Late last week, attackers began using search engine optimization (SEO) “poisoning” techniques to make their malicious sites appear near the top of holiday shopping-related search terms, according to researchers at internet security solutions provider SonicWALL. Terms such as “Walmart Black Friday Sales 2010,” “Black Friday” and “Cyber Monday” are leading users to malicious search results.
“We have already seen an increase in malware activity,” Deepen Desai, senior researcher at SonicWALL, told SCMagazineUS.com in an email on Tuesday.
Based on research from previous years, malware activity is expected to double during this holiday season, Desai said. For enterprises, the largest concern is that employees who are shopping online from work computers may inadvertently introduce malware into the network.
“Cyber Monday,” the digital equivalent of the brick-and-mortar world's “Black Friday,” marks the beginning of the online holiday shopping season and is one of the busiest online shopping days of the year. It falls on Monday, when most employees return to work for the first time since the Thanksgiving break.
This year, 4.5 percent of workers with access to the internet, or 70.1 million people, will shop for holiday gifts from the office, according to new statistics from the National Retail Federation, a trade group.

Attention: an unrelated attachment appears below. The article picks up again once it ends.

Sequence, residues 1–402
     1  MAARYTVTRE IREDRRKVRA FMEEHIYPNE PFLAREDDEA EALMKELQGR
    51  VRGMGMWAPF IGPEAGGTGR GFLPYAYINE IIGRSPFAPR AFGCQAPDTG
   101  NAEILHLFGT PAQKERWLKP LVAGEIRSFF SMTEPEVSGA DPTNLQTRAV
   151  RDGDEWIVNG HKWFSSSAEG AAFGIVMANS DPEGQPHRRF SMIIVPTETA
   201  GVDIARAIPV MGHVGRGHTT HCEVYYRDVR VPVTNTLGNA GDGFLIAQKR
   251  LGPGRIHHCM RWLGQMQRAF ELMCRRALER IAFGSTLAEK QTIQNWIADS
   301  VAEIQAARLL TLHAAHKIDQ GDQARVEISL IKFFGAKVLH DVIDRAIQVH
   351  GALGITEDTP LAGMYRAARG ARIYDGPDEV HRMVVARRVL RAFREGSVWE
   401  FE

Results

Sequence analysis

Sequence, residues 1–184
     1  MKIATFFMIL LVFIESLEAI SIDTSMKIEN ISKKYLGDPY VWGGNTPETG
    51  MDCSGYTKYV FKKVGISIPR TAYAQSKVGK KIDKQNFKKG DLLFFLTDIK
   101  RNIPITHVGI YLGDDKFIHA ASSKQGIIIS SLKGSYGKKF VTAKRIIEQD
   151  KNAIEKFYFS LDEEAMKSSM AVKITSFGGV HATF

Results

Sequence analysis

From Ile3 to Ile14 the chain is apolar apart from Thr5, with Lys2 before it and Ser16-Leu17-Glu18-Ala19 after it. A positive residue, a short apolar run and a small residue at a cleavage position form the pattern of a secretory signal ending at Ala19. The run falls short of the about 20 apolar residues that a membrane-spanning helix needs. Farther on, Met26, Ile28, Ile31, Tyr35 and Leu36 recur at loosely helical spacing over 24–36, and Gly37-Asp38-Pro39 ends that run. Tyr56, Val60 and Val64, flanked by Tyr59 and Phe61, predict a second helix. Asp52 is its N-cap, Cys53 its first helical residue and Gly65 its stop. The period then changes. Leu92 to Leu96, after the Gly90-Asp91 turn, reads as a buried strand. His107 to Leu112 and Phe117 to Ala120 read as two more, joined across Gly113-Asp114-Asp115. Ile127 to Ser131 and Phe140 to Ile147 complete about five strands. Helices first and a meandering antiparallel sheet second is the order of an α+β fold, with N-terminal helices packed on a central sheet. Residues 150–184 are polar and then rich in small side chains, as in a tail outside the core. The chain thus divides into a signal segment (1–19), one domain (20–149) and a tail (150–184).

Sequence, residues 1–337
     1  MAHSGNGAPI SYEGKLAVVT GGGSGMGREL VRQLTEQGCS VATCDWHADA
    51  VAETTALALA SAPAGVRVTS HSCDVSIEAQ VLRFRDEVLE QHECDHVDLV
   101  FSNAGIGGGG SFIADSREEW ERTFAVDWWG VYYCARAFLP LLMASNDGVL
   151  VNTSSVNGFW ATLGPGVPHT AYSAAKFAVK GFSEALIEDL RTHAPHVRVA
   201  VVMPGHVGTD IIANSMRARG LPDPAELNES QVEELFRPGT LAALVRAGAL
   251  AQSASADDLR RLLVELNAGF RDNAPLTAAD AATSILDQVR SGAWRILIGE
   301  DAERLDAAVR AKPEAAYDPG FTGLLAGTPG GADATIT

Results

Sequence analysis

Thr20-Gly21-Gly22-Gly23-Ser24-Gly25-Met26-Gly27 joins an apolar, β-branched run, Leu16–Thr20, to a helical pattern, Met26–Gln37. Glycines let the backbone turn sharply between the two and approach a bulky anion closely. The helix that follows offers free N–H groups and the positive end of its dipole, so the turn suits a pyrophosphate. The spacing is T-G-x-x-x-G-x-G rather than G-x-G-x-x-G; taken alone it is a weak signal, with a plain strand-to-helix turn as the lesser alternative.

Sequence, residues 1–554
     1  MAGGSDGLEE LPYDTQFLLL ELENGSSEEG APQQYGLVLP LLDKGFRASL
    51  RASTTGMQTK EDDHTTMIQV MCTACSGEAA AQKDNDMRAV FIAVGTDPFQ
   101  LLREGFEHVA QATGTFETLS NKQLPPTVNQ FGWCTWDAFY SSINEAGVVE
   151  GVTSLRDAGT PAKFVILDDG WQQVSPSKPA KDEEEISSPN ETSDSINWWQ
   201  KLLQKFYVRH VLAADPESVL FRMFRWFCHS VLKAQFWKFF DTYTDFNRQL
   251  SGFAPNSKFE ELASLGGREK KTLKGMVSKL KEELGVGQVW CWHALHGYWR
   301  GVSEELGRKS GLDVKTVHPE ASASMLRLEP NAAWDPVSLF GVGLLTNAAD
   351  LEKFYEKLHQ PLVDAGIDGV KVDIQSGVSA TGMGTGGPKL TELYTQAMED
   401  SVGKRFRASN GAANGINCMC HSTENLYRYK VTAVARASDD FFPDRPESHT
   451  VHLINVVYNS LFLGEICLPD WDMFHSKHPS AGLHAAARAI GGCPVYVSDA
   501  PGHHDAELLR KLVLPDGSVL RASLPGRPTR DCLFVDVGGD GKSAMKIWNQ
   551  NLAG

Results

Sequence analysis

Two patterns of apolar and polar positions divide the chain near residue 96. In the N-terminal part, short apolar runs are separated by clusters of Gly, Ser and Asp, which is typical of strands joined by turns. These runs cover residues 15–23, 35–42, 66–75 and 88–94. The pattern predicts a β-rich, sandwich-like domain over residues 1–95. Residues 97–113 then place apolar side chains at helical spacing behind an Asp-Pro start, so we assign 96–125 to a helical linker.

“In general, a lot of people are going to be coming in [to work] and going to a lot more sites than they normally do,” Todd Feinman, CEO of Identity Finder, an identity theft and data leakage prevention software provider, told SCMagazineUS.com on Tuesday.
To take advantage of the hoards of online shoppers, scammers will likely distribute malicious links on social media sites purporting to offer tempting deals, such as “coupon codes” for popular stores or products, Nicholas Percoco, senior vice president and head of Trustwave's SpiderLabs, told SCMagazineUS.com on Tuesday. These links could actually lead users to phishing attacks or sites containing drive-by malware.
This type of scam can spread quickly on sites such as Facebook and Twitter by budget-conscious users who believe they are providing friends and followers with money-saving opportunities, Percoco said.
Another threat this year is the potential for rogue mobile applications purporting to direct users to the best deals of the season, said Identity Finder's Feinman. There have already been a number of Black Friday and Cyber Monday applications released and there is a danger that cybercriminals will set up similar ones with embedded payloads that harvest users' contact lists, passwords or other data.
Also, attackers will likely send spam hawking sales and free offers that actually lead users to malware and phishing attacks, experts said.
Users should be advised to be cautious of links provided in email, instant massages, social media and other online communications, Percoco said. To be safe, those looking for deals should always directly visit a retailer's website.
In addition, security professionals should ensure that all computers on the network have the appropriate software updates installed, since many employees will be visiting sites they normally wouldn't.